COVID Has Not Accelerated The Shift In Sponsorship Dollars From Pro Sports To Esports As Expected


The Coronavirus outbreak and subsequent sports hiatus has resulted in countless sponsorship activations being postponed or canceled. It would have been reasonable to assume back in mid-March that brands impacted by the loss of traditional sports marketing and advertising opportunities would look to esports to fill the void. In fact, Norm O’Reilly (Professor of Sport Management, University of Guelph & Partner/Consultant at The T1 Agency) said, “the sponsorship community, which has long believed brand involvement within the esports business is ready to explode, expected COVID (and a pause in the sports calendar) to accelerate the shift in dollars from traditional sports. But that has not been the case.” A recent study from SponsorshipX indicated that 68.3% of the 500 predominantly U.S. and Canadian industry professionals polled have not been actively investing in (or activating) gaming competitions; nor do they have plans to do so in the future.

Our Take: The big overarching theme one should take from the B2B sponsorship survey is that “esports do not have the ability to replace the value sponsors gain from other live sports properties.” O'Reilly suggested that's likely the case because they're not reaching the same audience. “It’s not as if people started tuning in to Fortnite games when the NBA or MLB seasons were suspended.”

While the lack of product fit and/or the inability to operate in a digital environment has prevented most traditional sports sponsors from making a move into esports, those who had already been investing in the “under 35, mostly male, gaming community” (12.7% of those who responded) have benefitted from the country being locked down (see: gaming usage is up +75% since the pandemic began) and now are doubling down on their activation efforts. One survey participant stated that his/her agency was currently investing more heavily than ever in the sector as “lots of esports clients want to use the increased focus to showcase their brand.” O’Reilly says that’s a particularly promising sign for esports rights owners considering where the greater economy is. “Just take a look at other sports, music and entertainment properties, their sponsorship businesses are being decimated.”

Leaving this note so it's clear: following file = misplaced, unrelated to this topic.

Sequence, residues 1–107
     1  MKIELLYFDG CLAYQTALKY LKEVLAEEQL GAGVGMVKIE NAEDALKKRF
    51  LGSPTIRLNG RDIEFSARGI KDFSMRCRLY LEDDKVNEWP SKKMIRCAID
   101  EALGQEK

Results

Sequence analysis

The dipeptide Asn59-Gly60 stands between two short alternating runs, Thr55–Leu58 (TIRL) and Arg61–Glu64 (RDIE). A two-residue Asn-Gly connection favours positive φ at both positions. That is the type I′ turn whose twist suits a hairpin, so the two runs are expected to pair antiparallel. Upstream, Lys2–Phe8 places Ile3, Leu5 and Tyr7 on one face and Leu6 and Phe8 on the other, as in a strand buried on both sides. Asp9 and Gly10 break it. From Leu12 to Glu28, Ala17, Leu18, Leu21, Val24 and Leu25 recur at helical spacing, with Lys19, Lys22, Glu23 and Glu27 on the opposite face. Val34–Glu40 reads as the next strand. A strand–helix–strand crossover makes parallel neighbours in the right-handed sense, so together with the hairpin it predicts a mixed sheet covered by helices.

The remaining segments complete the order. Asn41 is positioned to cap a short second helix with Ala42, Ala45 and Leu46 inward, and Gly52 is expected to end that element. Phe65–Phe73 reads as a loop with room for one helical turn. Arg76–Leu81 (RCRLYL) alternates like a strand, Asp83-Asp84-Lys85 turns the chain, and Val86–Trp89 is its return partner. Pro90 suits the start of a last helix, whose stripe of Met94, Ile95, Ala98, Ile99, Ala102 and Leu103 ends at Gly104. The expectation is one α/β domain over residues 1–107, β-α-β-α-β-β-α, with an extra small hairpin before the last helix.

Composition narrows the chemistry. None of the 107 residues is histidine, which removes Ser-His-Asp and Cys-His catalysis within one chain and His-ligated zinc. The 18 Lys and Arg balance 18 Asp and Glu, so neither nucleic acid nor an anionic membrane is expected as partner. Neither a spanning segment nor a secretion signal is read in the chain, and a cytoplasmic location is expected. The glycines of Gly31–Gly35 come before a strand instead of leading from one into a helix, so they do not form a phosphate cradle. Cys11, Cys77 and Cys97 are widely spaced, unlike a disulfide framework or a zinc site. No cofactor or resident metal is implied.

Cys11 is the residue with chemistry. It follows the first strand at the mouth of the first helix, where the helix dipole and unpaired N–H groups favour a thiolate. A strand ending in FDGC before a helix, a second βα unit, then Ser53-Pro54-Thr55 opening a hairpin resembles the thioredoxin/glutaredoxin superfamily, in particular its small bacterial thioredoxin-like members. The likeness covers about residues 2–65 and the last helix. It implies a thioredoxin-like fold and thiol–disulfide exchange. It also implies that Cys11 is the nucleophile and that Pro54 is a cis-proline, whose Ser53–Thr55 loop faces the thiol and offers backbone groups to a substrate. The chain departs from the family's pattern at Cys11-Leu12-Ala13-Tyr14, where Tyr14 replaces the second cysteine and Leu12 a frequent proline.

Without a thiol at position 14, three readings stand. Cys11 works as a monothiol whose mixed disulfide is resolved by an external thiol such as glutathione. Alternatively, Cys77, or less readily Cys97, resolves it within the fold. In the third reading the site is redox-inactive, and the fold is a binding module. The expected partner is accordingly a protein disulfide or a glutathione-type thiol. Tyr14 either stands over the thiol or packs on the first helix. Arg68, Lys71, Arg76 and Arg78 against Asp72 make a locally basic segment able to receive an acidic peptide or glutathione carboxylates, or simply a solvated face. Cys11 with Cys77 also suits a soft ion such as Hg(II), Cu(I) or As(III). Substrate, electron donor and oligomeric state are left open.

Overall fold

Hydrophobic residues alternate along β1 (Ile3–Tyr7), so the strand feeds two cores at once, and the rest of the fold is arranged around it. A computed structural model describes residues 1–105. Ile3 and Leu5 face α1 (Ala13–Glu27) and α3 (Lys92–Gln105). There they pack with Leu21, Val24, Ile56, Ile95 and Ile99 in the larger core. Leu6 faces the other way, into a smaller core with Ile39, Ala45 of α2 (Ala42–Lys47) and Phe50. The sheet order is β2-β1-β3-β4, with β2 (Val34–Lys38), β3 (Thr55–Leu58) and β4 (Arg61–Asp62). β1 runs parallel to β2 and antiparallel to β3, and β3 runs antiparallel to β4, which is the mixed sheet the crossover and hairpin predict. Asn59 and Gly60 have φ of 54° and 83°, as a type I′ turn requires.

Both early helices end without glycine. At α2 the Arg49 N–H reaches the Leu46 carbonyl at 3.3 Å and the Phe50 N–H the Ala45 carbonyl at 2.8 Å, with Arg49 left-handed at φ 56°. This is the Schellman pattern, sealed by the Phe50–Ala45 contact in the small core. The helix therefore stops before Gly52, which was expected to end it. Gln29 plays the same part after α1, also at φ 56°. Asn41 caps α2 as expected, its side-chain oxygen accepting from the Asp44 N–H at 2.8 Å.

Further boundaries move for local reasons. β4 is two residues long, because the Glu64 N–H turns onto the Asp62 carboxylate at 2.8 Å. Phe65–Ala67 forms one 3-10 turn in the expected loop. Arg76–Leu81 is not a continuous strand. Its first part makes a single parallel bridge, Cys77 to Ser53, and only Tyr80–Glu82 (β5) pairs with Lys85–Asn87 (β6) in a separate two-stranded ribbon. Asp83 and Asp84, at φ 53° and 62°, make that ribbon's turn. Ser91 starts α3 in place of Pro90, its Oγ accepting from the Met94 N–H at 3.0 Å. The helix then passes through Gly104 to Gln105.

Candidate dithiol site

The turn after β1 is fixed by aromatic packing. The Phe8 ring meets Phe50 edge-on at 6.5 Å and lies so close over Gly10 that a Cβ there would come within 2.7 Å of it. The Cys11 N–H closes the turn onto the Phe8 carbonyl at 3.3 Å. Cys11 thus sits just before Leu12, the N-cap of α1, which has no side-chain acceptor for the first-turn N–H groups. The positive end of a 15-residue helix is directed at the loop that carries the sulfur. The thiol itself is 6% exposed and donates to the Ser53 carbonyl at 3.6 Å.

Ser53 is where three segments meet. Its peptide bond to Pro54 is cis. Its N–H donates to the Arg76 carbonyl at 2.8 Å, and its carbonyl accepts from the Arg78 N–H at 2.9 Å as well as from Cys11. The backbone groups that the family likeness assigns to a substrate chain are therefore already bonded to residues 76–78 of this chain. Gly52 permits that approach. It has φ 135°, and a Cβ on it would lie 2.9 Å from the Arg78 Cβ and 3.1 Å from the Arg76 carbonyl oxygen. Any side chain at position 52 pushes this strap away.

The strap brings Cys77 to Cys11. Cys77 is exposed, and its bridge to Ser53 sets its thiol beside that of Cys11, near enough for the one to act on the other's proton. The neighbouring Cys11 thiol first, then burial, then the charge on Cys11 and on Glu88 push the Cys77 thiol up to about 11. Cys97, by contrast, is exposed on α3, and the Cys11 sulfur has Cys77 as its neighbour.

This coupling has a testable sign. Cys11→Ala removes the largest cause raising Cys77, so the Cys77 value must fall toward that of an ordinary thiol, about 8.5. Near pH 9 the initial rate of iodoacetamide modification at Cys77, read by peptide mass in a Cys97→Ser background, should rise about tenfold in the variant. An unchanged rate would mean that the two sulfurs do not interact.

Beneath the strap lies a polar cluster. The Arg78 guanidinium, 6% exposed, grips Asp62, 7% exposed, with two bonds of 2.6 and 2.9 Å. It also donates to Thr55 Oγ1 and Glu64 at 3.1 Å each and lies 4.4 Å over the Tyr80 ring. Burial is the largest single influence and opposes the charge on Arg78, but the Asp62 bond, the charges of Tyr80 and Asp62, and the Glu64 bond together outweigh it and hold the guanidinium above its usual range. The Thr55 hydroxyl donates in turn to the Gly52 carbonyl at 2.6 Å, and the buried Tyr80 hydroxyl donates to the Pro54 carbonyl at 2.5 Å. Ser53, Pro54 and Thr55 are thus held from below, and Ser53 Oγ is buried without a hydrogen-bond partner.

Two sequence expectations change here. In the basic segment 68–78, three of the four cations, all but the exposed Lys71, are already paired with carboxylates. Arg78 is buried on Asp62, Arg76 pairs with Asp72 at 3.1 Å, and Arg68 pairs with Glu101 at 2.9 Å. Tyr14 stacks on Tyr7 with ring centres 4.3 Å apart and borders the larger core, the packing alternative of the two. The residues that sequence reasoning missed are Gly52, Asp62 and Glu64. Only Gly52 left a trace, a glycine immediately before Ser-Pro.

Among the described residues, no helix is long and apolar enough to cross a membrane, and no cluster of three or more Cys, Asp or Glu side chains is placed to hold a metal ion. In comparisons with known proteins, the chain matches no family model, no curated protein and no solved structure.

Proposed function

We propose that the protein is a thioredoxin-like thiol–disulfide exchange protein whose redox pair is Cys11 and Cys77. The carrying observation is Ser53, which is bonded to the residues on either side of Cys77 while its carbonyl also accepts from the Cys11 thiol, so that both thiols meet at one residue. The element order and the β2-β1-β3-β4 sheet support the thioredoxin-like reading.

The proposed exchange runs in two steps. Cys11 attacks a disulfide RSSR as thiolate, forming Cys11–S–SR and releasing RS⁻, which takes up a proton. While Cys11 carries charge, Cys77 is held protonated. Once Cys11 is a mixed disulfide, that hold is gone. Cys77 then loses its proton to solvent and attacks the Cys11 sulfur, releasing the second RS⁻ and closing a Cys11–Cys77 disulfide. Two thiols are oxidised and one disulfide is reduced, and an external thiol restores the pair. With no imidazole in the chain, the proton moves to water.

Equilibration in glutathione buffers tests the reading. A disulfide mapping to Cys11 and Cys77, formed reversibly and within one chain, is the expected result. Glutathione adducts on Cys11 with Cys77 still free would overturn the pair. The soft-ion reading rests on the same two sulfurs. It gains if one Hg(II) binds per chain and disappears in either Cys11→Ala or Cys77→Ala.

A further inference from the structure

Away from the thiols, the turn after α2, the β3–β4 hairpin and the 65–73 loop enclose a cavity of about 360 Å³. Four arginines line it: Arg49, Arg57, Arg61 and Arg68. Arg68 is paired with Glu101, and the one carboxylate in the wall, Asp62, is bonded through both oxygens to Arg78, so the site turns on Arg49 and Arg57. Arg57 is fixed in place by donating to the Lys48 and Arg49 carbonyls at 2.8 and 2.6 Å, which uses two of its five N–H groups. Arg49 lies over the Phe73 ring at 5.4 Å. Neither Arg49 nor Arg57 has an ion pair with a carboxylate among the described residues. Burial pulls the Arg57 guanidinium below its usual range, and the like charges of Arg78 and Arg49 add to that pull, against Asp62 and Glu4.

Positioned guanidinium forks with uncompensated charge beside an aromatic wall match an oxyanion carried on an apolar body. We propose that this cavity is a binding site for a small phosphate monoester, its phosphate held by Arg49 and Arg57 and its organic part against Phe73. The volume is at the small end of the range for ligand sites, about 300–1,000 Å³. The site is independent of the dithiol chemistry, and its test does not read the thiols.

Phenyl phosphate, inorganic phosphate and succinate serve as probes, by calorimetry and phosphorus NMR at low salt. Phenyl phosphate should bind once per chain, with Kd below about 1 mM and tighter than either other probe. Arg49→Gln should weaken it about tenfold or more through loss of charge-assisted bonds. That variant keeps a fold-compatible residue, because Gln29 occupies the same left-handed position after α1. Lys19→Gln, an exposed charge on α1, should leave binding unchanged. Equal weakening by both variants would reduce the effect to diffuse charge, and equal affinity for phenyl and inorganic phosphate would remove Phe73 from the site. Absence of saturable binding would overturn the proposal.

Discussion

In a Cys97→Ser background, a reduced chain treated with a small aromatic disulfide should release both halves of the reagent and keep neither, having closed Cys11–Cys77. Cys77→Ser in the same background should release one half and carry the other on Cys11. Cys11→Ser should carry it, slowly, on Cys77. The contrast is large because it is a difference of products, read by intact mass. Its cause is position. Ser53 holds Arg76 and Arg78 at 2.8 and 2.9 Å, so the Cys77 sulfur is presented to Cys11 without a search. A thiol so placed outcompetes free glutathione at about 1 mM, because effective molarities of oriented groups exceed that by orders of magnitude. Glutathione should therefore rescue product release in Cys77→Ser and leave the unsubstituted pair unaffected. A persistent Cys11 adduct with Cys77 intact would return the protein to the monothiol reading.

It’s important to point out that while 12.7% might seem like a small percentage of the population, “most industries would be ecstatic if 12% of sponsorship decision makers were investing like crazy in their product(s)." O'Reilly said NASCAR - a sponsorship driven sport - "would dream of having that much brand interest.”

It should be noted that in addition to those already actively investing in esports, another 19.6% of survey respondents indicated they would be willing to consider a sponsorship opportunity within the gaming ecosystem (up from 18% in April). O’Reilly said people understanding “the reality of how long it’s bound to take for sports to truly bounce back” (see: with fans) explains the gradual increase. “Brands are starting to forecast revenues and are realizing they won’t have traditional sporting events [to activate] in the fall. That's been the impetus for brands to start evaluating other options.” It reasons to believe the percentage of those sniffing around the esports sector will continue to rise until a COVID vaccine is found and stadiums can once again be packed to capacity.

Esports sponsorship very much remains a niche play (think: energy drinks, technology products), but there is room for non-endemic brands to find success. As John Pierce (partner, Player 2 Studios) said, “programs that genuinely make life better for a specific gaming/esports community can utilize traditional sponsorship and/or advertising partnerships to tell that story.” But as mentioned, it's not a simple ‘plug and play’ migration from traditional sports. Brands need to “identify the appropriate game, audience and fit" for the partnership to satisfy their KPI and ROI goals. That takes time and diligence and likely explains why a significant number of respondents said they’re intrigued by the prospect of using esports as a marketing vehicle, but have not yet made the decision to press forward.

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